Introduction to Public Discourse

This freshman college course introduces students to the art of persuasion & three common essay genres used in public debate



Course Description

Many freshman students have recently turned eighteen and now have the right and responsibility to participate in public affairs. A democratic society requires that its citizen not only vote, but also read the news, attend public meetings, serve in community organizations, and so forth. Most of all democracy requires us to talk with our neighbors, recognize and understand their points of view, and think creatively about how we can solve shared problems in ways that benefit the greatest number of people.

 

In this course students choose a problem in their community and research its causes, its effects, the relevant stakeholders, potential solutions, past attempts to solve the problem, and current debates surrounding the problem.

 

Next they join the public debate about that problem by writing across three genres of essay: the newspaper op-ed (short for “opposite the editorial page”), the call to action, and the open letter. With these essays students attempt to persuade a general audience to adopt their point of view, compel a specific audience to take concrete steps that will help solve the problem, and convince an audience of two community organizations to collaborate in ways that both benefit them and help solve the problem.

 

This course asks students to empathize with others, not defend policy positions. A common high school essay assignment asks students to defend a public policy position. Such assignments emphasize proving one’s point about abstract principles (what is best, what is right) over empathy with other people. This course instead asks students to research a community and its problems, empathize with the interests and positions of community members, and propose ways people and organizations can take action to help their community.

 

This course is less about writing mechanics and more about creative problem solving and participating in public discourse, i.e. debate and conversation. How to do we listen to each other, empathize with each other’s concerns and interests, invent creative solutions to problems, and then use writing to persuade others to support those solutions? In this course students try to answer those questions.

Educational Goals

In this course students will learn:

  • the differences between academic and public discourse
  • three common essay genres used in public discourse: the op-ed, the call to action, and the open letter
  • the Rogerian strategy of persuasion
  • how to appeal to ethos, pathos, logos, and kairos
  • how to research a local problem in and out of the library
  • how to evaluate sources according to their contexts, relevance, usefulness, and credibility
  • how to choose an audience for their message & make rhetorical choices suited for that audience 
  • how to craft an arguable thesis
  • how to craft a Rogerian-style thesis

Required Texts

Additional Readings



overview of Assignments

Short Assignments & Quizzes

 -  quizzes

 -  semester topic guiding questions

 -  topic proposals

 -  bibliography of sources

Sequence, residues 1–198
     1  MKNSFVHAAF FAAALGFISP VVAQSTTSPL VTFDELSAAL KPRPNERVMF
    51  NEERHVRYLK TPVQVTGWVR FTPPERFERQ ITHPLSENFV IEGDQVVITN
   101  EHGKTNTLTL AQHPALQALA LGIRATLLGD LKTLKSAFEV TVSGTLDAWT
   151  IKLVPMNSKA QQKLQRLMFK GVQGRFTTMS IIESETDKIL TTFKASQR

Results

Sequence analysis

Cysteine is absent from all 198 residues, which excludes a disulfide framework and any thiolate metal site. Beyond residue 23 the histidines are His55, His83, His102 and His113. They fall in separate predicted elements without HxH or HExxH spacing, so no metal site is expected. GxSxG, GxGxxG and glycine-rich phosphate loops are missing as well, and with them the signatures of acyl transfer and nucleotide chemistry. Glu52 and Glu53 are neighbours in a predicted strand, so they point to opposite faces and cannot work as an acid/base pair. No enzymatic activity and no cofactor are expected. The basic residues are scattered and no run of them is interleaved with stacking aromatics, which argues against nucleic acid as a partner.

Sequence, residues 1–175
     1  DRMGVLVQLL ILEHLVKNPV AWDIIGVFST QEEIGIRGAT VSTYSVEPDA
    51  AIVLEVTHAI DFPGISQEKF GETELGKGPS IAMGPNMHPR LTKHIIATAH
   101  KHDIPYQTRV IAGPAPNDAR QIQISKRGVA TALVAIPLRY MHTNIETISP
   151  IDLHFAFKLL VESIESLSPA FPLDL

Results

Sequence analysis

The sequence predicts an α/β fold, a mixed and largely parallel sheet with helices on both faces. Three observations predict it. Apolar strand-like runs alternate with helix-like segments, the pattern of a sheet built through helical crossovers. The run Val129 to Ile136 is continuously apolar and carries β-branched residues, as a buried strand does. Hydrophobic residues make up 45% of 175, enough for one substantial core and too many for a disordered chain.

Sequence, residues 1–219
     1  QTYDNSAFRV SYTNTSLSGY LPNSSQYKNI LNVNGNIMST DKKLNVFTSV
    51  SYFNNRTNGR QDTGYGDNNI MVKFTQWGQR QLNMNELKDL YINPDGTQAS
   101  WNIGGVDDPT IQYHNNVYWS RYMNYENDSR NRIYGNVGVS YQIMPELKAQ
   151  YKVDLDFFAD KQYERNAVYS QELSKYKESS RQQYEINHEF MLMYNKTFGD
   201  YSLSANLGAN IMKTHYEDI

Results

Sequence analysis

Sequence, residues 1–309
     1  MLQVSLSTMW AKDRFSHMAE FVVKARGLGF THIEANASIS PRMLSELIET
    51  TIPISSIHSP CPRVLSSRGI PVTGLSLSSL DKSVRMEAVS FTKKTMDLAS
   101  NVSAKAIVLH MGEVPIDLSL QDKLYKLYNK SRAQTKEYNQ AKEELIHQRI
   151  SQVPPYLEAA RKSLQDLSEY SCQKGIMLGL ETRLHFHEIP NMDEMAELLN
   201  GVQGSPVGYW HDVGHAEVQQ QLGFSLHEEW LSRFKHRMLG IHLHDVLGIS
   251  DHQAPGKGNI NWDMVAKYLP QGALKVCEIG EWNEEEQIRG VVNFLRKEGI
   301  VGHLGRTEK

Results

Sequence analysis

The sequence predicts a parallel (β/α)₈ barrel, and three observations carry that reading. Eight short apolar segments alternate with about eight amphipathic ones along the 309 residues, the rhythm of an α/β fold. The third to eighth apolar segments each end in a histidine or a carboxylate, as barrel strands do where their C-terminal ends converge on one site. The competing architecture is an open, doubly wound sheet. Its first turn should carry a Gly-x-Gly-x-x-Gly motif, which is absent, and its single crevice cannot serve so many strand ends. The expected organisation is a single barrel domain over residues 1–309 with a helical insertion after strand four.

-  rhetorical analysis of Adam Ruins Everything 

 -  op-ed discussion board post

 -  call to action guiding questions

 -  call to action discussion board post

 -  call to action proposals

 -  open letter guiding questions

 

Essay 1:  Political and Civic Autobiography

As children we lived within a bubble of home, school, and family. Sometime in early adolescence we became aware of the larger world and its effects on our lives. This assignment asks students to reflect upon that awakening by writing an autobiography chronicling their relationship to their community and society. This is an opportunity for students to explore their place in their neighborhood, their community, the United States, and the world, and to take inventory of themselves. The style should be professional but not academic.

 

Essay 2:  An Op-Ed

Every day thousands of op-eds are published by American newspapers in print and online. For this assignment students write an essay in the style and format of a New York Times op-ed. Their goal is to convince a general audience with a stake in a problem to adopt the student's point of view or position about that problem. 

 

Essay 3:  A Call to Action

Thousands of people have affected change in their communities by launching petitions on Change.org. For this assignment, students write a call to action modeled after essays from successful Change.org campaigns. The goals of the essay are to 1) engage an audience of disengaged stakeholders about their chosen problem, 2) educate this audience about the student's proposed solution, and 3) empower this audience by convincing them not only that the solution will work, but that the readers are essential to its success. 

 

Essay 4:  A Rogerian-Style Open Letter

Many public problems could be solved if community organizations worked together. For this assignment students write an open letter addressing two community organizations with a stake in the student's chosen problem. The letter includes an unbiased presentation of each organization’s positions and interests, an explanation of their common ground, and a proposal for collaboration that requires short term compromise but will benefit both in the long run.